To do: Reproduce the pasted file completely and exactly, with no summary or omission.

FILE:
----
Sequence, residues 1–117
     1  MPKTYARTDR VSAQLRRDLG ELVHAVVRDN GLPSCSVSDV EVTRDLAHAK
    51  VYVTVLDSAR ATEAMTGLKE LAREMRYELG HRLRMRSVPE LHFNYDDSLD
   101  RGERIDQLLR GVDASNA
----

Sequence, residues 1–117
     1  MPKTYARTDR VSAQLRRDLG ELVHAVVRDN GLPSCSVSDV EVTRDLAHAK
    51  VYVTVLDSAR ATEAMTGLKE LAREMRYELG HRLRMRSVPE LHFNYDDSLD
   101  RGERIDQLLR GVDASNA